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Shop locally, save big during sales tax holiday

The back-to-school signs are out, a sure sign that local schools will be back in session soon. Another sign is this weekend’s sales tax holiday, which began Friday and will continue through Sunday.

The three-day period is a great time to shop tax-free and save money on school supplies, clothing, footwear and items that youngsters will need as they prepare to return to the classroom. The sales tax holiday also provides a welcomed boom to retailers and the state’s economy as a whole.

During the three-day event, most school and art supplies that cost less than $100 per item or computers that cost $1,500 or less as well as clothing items and shoes priced at $100 or less will be exempt from state and local sales taxes, an opportunity for residents to get a discount of nearly 10 percent on such items.

As a result, it is a great time to buy what you need while saving some money. There is no requirement that the purchases be made for school purposes. There also is no limit on the number of products an individual can buy tax free.

This weekend’s sales tax holiday should bring smiles to consumers and merchants.

In years past, store owners have said that tax collections actually increase during a sales tax holiday because it draws more people to stores, where they look around and buy other stuff that’s taxed as usual. Shoppers save money on their purchases. Stores sell more merchandise. The state collects more tax revenue.

The top combined state and local sales tax rate is 9.25 percent in Tennessee, one of the highest in the nation.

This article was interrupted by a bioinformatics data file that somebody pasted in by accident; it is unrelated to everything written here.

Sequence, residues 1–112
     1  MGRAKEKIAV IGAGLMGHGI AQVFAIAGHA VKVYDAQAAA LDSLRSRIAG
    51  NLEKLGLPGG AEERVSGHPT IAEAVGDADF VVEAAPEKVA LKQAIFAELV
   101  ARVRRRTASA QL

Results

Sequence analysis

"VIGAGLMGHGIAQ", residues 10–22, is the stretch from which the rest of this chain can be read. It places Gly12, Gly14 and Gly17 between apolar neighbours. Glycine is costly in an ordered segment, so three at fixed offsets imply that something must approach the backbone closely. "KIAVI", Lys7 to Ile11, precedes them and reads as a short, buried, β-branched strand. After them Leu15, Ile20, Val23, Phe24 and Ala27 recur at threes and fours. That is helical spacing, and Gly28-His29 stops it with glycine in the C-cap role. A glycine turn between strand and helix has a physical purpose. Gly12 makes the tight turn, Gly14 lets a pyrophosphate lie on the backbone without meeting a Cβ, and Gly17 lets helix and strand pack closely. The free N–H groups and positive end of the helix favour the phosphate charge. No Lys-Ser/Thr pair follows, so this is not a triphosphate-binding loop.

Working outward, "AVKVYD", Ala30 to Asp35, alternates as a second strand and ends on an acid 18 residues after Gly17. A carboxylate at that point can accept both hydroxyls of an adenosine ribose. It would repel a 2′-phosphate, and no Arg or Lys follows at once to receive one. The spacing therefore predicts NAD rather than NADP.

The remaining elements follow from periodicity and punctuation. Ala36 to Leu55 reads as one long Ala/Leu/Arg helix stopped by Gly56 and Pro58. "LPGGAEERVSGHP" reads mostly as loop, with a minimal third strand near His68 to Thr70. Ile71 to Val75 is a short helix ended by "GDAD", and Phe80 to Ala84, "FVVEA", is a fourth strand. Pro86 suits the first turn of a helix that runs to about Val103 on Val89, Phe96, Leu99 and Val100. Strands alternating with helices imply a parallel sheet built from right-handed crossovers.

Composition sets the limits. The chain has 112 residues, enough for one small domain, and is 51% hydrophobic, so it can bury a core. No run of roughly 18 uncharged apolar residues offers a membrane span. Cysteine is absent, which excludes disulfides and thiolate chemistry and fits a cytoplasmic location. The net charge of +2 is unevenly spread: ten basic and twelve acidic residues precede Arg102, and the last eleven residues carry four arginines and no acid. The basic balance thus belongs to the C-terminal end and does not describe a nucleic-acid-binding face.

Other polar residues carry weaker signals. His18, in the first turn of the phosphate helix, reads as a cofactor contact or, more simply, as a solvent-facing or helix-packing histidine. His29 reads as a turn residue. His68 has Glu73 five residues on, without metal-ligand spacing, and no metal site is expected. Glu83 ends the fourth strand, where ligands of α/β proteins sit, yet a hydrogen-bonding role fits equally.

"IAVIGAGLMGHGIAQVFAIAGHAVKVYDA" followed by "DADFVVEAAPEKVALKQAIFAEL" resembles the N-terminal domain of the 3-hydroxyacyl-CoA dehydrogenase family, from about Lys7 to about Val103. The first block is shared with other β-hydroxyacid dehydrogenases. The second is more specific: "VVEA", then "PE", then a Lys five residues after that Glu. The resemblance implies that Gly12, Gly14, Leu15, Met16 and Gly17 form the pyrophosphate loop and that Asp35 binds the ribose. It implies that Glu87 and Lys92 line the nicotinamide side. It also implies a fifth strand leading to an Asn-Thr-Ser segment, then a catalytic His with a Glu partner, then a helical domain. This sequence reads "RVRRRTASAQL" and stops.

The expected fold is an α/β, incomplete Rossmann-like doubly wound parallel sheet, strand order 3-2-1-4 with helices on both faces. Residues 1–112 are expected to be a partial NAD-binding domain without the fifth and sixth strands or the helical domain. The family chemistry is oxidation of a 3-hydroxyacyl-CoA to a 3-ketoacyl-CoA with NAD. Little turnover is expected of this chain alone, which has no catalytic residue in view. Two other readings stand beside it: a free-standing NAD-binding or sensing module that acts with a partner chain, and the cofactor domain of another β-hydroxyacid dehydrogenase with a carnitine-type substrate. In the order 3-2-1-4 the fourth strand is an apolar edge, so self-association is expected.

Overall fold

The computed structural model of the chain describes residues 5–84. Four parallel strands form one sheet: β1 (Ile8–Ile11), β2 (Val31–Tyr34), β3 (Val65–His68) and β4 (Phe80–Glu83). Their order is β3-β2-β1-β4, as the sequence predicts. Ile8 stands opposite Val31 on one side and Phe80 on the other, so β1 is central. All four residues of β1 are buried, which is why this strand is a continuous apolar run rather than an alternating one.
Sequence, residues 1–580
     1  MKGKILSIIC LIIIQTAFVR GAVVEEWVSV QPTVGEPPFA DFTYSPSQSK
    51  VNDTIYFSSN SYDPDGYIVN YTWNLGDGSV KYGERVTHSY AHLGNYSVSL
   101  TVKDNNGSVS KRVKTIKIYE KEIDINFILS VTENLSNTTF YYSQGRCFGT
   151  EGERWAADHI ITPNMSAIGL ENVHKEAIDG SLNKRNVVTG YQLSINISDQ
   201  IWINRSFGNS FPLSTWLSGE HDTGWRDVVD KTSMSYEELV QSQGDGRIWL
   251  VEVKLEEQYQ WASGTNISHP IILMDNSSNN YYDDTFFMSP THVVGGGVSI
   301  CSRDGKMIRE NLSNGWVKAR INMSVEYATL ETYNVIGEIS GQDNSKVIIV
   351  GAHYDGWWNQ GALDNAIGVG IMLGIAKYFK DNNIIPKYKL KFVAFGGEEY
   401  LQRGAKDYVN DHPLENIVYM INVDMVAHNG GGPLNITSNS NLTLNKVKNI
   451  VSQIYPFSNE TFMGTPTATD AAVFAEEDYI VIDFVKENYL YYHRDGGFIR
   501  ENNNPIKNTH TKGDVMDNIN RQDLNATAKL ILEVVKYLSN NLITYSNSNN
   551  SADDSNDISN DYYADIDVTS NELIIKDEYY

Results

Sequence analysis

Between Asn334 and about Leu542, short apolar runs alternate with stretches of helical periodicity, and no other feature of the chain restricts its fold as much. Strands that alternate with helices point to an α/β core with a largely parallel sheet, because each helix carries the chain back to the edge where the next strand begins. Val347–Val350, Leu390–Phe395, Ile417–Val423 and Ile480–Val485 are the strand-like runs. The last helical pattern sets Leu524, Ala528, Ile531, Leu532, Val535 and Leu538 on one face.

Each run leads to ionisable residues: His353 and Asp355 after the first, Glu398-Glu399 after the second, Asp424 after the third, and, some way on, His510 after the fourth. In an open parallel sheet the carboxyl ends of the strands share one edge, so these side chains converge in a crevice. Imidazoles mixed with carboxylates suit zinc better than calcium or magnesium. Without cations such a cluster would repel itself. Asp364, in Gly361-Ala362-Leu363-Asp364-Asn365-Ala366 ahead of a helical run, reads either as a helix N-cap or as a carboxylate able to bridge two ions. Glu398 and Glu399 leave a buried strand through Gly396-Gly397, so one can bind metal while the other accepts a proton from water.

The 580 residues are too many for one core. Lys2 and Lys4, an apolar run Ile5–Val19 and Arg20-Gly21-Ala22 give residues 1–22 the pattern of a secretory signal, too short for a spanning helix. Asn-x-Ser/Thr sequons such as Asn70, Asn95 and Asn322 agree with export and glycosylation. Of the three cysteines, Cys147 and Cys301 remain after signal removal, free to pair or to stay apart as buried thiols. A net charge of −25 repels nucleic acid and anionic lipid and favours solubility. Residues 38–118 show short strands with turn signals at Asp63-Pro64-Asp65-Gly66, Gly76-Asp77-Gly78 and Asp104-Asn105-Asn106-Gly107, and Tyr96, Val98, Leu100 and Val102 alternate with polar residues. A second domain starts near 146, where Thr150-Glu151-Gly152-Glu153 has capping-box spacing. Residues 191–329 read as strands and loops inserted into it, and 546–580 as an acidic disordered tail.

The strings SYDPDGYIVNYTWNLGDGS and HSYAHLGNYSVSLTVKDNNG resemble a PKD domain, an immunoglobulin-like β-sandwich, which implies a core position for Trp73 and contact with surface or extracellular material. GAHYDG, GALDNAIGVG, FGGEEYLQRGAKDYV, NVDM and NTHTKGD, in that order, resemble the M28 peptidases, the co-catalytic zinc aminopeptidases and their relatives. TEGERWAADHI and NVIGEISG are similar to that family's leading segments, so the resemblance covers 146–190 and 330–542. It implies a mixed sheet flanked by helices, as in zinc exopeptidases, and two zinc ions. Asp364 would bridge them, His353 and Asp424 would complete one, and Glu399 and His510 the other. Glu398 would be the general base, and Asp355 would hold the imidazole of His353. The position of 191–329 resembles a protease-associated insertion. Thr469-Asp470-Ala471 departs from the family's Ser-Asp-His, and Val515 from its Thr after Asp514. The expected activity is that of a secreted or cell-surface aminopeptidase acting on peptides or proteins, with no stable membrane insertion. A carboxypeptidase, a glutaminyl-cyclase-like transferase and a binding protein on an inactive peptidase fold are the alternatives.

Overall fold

The sales tax holiday, now in its ninth year, is expected to save shoppers $8 million to $10 million this year.

According to the National Retail Federation, families will spend slightly more on back-to-school items this summer than they did in 2013. The average family with children in grades K-12 is projected to spend $669.28 on apparel, shoes, supplies and electronics – up 5 percent from the $634.78 they laid out last year. At $74.9 billion, K-12 and college back-to-school spending makes this time of year second only to the winter holidays in terms of retail sales.

NRF this year broke out spending by grade, and according to the survey, families with high school students will spend the most. The survey found the average family shopping for high school students will spend $682.99, while spending on middle school/junior high comes in a close second at $682.13. Parents with elementary school-age children will spend an average of $580.94.

Although Tennessee’s unemployment rate for June was 6.6 percent, Carter County’s rate for jobless workers was 7.4 percent. This means that many local families are struggling to make ends meet. The sales tax holiday should help, though the aid will be temporary. A better solution could come through tax reform that’s meaningful and permanent, but that’s unlikely to occur anytime soon in Tennessee.

Consumer spending – the demand side of supply-and-demand – is the lifeblood of retail businesses and the sales tax holiday could be an infusion of strength in both the state and local economy. Tennessee derives more than 57 percent of its state revenues from its sales tax.

Whether you have children in school or want to individually take advantage of the holiday, we hope you will consider shopping locally. Retailers have traditionally used this weekend to offer special deals to garner your business.

We hope you get off to a strong school year and find great deals this weekend.